Growth and welfare of the US economy crucially depend on the performance of business sectors and related activities. Per capita GDP of the United States has turned out to be $46,000.
US economy is a market-oriented one. Business firms and private individuals play a major role in decision-making.
Both US federal and state governments provide business firms with great operational flexibility in all areas of their businesses. US business firms make use of latest technology to beat their counterparts in the other nations of the world.
As per the 2007 estimates, agriculture sector contributes 0.9% of the total US GDP. Contribution of the industrial sector stands out to be 20.5%; whereas contribution of the service sector amounts to 78.5%. The real growth rate of US GDP stands at 2.2% as per the 2007 estimate. GDP at Purchasing Power Parity has turned out to be $13.48 trillion according to the estimate of 2007.
Performance of the US economy is driven by the diverse business sectors. The US federal government takes a number of policy measures to facilitate the economic prosperity of US business firms. Mining, finance and insurance, manufacturing, real estate, food services and accommodation, transportation and warehousing, information technology, construction, educational services, wholesale trade, healthcare services, scientific, professional and technical services and many other services come under the purview of US business.
US industrial sector has emerged as the most important industrial power of today’s world. Use of state-of-the-art technology distinguishes its industries from other industrial powers of the world.
Export and import figures are also highly important. Major exportable products include consumer goods like medicines and automobiles, industrial supplies mostly organic chemicals, and capital goods like parts of motor vehicles, transistors, telecommunication devices, computers, and many more. The US export volume (estimated) for the year 2007 has been $1.149 trillion f.o.b.
As far as imports are concerned, the United States imports consumer goods like furniture, clothing, automobiles, medicines, and toys, industrial supplies like crude oil, agricultural products, and capital goods like office machines, electric power machinery, computer software, and many more. The import figure of the US economy has turned out to be $1.956 trillion f.o.b. as per the 2007 estimate.
Only a year ago, Nigeria’s economic dream – to be one of the world’s top 20 economies by 2020 – still seemed reachable. Today, domestic threats are increasing, while the international environment is far more challenging.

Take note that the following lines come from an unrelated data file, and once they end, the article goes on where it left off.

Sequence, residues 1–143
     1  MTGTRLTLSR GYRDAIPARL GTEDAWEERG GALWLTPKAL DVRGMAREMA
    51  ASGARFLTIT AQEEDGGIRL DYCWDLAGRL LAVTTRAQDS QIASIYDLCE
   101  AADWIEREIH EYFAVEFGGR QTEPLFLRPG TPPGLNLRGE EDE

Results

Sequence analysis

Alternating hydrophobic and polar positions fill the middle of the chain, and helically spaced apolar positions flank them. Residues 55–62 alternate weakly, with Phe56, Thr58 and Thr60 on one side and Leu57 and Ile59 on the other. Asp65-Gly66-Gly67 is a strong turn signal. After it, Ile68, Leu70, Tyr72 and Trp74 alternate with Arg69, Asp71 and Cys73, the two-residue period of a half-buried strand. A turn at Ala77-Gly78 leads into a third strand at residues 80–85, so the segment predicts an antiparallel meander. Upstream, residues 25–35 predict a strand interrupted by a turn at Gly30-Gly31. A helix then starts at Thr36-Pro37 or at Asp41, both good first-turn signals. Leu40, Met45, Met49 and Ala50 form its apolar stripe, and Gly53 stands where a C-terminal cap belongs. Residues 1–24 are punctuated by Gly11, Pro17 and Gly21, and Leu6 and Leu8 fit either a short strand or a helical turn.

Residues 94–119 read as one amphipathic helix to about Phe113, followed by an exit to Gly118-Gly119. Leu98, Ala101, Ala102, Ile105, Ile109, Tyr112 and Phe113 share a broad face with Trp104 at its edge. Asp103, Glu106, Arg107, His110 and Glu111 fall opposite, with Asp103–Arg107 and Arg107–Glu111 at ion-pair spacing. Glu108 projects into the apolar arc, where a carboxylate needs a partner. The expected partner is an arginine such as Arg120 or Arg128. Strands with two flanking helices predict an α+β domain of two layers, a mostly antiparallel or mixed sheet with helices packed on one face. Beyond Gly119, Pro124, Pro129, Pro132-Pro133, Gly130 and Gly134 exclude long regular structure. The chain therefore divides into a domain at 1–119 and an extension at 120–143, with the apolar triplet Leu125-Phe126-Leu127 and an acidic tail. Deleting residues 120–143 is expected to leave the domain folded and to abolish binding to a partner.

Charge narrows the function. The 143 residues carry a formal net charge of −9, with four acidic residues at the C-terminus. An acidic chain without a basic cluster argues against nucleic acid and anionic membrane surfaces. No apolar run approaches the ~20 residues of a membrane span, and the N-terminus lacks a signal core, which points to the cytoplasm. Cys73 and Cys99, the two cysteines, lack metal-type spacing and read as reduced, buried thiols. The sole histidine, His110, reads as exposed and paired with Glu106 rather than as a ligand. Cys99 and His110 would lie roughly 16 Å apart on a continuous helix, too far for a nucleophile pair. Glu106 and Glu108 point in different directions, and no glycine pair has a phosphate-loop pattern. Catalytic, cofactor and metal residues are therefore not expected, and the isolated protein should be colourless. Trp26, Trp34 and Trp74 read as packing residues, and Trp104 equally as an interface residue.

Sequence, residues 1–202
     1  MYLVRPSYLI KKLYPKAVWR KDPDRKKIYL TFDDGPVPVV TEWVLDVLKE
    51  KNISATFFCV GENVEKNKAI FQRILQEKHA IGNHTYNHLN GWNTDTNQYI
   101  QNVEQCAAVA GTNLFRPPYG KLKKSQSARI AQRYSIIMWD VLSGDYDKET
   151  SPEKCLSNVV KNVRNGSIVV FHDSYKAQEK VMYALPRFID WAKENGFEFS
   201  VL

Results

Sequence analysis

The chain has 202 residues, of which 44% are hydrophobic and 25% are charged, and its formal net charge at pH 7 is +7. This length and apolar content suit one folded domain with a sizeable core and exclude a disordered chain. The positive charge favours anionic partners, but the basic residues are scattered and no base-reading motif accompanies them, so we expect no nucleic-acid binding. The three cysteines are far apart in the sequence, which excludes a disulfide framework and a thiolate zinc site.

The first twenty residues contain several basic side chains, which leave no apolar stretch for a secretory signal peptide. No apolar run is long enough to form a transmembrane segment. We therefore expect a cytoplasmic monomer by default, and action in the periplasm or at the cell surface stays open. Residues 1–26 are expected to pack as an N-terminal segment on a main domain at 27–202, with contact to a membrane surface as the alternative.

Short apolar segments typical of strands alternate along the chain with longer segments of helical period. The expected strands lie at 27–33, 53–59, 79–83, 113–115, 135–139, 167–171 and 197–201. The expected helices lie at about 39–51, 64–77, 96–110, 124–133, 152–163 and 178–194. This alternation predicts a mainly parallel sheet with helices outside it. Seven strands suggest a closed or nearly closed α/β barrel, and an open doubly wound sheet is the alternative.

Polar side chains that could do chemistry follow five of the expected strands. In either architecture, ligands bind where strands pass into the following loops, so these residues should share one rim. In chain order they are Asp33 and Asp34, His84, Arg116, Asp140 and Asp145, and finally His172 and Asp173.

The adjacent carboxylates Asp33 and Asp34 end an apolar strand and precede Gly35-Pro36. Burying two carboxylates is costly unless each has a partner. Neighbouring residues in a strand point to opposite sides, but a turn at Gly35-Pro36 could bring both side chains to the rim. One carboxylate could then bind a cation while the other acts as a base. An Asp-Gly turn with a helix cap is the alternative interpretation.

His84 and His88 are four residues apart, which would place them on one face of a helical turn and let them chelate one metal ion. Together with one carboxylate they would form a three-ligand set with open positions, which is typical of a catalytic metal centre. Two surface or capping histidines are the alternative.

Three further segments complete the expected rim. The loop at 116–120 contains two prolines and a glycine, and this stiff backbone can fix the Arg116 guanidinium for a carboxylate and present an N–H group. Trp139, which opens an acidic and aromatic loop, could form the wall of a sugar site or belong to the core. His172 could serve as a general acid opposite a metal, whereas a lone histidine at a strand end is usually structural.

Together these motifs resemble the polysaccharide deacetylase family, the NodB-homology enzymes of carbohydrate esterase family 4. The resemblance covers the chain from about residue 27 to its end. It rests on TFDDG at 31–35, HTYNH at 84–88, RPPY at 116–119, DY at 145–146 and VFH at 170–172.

Nouriel Roubini, a.k.a. “Doctor Doom”, is chairman of Roubini Global Economics and professor of economics at New York University’s Stern School of Business. Roubini has been consistently cited as one of the world’s top global thinkers. This year, he was voted as the most influential economist in the world by Forbes magazine.
Chancellor of the Exchequer of the United Kingdom from 1992 to 2007. Prime Minister of the UK between 2007 and 2010. Inaugural 'Distinguished Leader in Residence' at New York University. Advisor at World Economic Forum
Mario I. Blejer is a former governor of the Central Bank of Argentina and former Director of the Center for Central Banking Studies at the Bank of England. Eduardo Levy Yeyati is Professor of Economics at Universidad Torcuato Di Tella and Senior Fellow at The Brookings Institution.
QFINANCE is a unique collaboration of more than 300 of the world’s leading practitioners and visionaries in finance and financial management, covering key aspects of finance including risk and cash-flow management, operations, macro issues, regulation, auditing, and raising capital.
Andrea Edwards has worked in marketing and communications all over the globe for 20 years, and is now focused on her passion – writing. A gifted communicator, strategist, writer and avid blogger, Andrea is Managing Director of SAJE, a digital communications agency, and The Writers Shop – a regional collaboration between the best business writers in Asia Pacific
James W. Harpel Professor of Capital Formation and Growth at the John F. Kennedy School of Government in Harvard University. Director of Program in International Finance and Macroeconomics at the National Bureau of Economic Research.